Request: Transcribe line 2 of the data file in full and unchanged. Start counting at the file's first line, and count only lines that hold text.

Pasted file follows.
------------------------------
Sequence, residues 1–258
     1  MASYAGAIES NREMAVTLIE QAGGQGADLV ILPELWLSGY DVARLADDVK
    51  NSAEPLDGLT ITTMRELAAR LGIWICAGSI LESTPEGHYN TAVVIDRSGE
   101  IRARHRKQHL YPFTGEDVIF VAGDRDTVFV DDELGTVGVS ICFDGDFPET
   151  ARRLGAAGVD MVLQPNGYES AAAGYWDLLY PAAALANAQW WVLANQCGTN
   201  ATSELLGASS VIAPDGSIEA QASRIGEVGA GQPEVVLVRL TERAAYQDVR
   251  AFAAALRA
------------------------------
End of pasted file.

     1  MASYAGAIES NREMAVTLIE QAGGQGADLV ILPELWLSGY DVARLADDVK